Sunday, October 29, 2006

A pathetic Halloween this way comes

Do holidays transfer across borders? (Or, a rant on why the George Bush mask sold for hundreds of rupees in a Khan Market toy store does not a successful Halloween make.)Photo courtesy "Dead Air" on Flickr

So last night, despite my rampant anti-social tendencies, S and I ventured out to a party thrown by eM, former journo colleague turned professional blogger. Anyone who knows eM knows that she is an utter dear -- dainty and eccentric and at times a bit above-the-logical-plane, but all in a very well meaning, earnest manner, which seems to keep her surrounded by a revolving group of folks who are generally interesting.

Anyhow, eM was hellbent on her party being a Halloween party, which meant she harangued all attendees about the absolute import of wearing a costume. Any costume, just a costume, if you don't wear a costume I will stand in my doorway, yes, all 100 pounds of me, and prevent you from entereing -- that sort of thing. S and I didn't make an effort to dress up (although I kept a passel of jewelry and a particularly stank headscarf in my purse to convert my rather bohemian top in to a full-on hippie costume, just in case we were the only uncostumed ne'er-do-wells), and when we picked up our friend V, she was also lacking any visible theme.

We trudged up to eM's place, and entered a dark room full of people smoking, drinking, and conversing, just like any and every other Delhi party I have ever attended, save for eM, adorably donning aluminum-foil antennae and butterfly wings, and a sprinkling of roommates/close eM friends, cajoled into, for example, draping a dupatta over a skirt and tank top to mimic a toga.

There were quite a few firangs there; in fact, more than I've been in close proximity with since the days of the fabulous M&J, my American homeboys. Anyhow, many of them were Americans, and as such, had made some attempt to capture the spirit of Halloweens past -- donning costumes from sorceresses to Superman, which were abandoned in piecemeal as the night went on, as the apartment was not becobwebbed, there was no spooky music, no carved pumpkins greeted us, and there was nary a Mars bar or undigestible Sugar Daddy to be had, only bottles and bottles of vodka, like Seagram's Fuel was going out of style.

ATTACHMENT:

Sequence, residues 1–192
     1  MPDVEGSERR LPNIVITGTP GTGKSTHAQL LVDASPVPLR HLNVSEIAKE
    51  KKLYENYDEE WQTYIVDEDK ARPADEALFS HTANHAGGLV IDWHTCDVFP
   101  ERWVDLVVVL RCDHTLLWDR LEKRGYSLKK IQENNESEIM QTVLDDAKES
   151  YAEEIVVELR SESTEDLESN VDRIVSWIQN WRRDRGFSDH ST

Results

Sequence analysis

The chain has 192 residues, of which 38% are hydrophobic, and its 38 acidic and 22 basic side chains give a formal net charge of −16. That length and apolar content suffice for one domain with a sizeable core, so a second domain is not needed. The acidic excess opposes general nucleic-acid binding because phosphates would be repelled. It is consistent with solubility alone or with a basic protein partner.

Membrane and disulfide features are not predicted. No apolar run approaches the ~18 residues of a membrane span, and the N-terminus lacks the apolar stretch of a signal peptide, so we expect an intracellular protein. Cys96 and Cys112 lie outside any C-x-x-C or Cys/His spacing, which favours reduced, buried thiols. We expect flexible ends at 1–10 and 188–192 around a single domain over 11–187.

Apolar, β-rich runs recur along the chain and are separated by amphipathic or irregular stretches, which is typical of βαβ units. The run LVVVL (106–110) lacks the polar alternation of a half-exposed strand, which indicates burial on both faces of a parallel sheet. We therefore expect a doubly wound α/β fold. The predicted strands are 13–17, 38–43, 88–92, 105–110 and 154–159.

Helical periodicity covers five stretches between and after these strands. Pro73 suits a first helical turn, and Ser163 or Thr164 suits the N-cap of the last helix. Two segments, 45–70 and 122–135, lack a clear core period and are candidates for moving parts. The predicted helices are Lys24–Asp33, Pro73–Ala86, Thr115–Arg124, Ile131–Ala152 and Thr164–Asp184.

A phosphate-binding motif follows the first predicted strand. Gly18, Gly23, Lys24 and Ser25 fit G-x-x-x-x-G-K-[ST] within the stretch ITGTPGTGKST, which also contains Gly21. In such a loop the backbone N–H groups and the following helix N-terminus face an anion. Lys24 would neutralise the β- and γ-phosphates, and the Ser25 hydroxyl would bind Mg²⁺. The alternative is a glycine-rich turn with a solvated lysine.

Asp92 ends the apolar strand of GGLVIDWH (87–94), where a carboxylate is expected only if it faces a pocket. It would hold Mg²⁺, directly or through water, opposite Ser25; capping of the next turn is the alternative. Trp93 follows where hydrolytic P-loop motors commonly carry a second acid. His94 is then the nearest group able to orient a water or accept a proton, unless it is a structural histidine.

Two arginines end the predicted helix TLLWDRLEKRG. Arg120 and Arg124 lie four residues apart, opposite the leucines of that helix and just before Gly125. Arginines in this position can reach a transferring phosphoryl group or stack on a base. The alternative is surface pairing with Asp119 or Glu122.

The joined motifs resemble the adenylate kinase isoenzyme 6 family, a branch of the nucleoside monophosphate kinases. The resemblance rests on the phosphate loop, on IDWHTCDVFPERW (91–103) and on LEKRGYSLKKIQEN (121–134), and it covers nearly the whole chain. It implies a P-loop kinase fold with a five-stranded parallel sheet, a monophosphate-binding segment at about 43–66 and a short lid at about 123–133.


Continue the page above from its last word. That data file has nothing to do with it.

All of which just underscored to me how ridiculous it is to try and capitalize on the American holidays here. If I'm entirely honest, the only reason we Americans keep Halloween around is the candy, the joy it brings little kids, and the excuse it gives us to be someone else -- not a corporate hack, not a paper pusher, not a manual laborer -- for just one day.

All the English newspapers here have umpteen features on Halloween, how you can celebrate in Delhi, etc.; Star World is running a marathon of the Halloween episodes of The Simpsons; various Halloween-themed specials abound. But it seems to me that it's fetishizing the lives of Americans without really understanding that it's hardly some sacred ritual that should be exported and celebrated with abandon. I don't know, I'm not describing this well (which relates to a larger issue I've been having lately, that I'm feeling like I'm increasingly splitting and having blackouts and losing interest in things like, oh, eating, which is pretty concerning, but another story entirely). I can't criticize anyone for wanting to get in on the action -- most Americans love Halloween. But it's about candy, and shenanigans, and charade, not just slipping on a suffocating rubber mask and then getting drunk and ranting ad infinitum about the politics of language.

In the same way, when the South Asian student's group at my university in Chicago held Holi (a month after it was actually celebrated), I was rubbed the wrong way. It was a parody of something that is a fabulous, enjoyable celebration -- in India. Getting together, throwing a little color around, and calling it a day doesn't mean you've captured the spirit of a holiday. In both instances, one is just...attempting to capitalize on traditions without putting in the time or effort to reflect said tradition.

But then again, maybe I'm just a bitter fussbudget. People seemed to be having fun, and that's a positive outcome, whether they were dressed as pirates and hookers or not.

1 comment:

rohit said...

No I don't think you were being fussy. Totally agree with you and what's up with Valentine's day. Beleive me there is this whole greeting cards-candy-soft toys-and-florist cartel behind this. And then we had this whole Diwali celebration thing last week, which was two weeks late and in Minnesota, for crying out loud.